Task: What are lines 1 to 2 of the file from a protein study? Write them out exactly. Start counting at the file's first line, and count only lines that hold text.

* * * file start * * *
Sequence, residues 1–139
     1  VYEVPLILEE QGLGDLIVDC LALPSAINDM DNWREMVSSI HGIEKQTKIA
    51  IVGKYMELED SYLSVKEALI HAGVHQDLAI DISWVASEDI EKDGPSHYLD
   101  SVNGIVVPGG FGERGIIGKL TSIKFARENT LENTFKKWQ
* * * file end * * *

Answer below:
Sequence, residues 1–139
     1  VYEVPLILEE QGLGDLIVDC LALPSAINDM DNWREMVSSI HGIEKQTKIA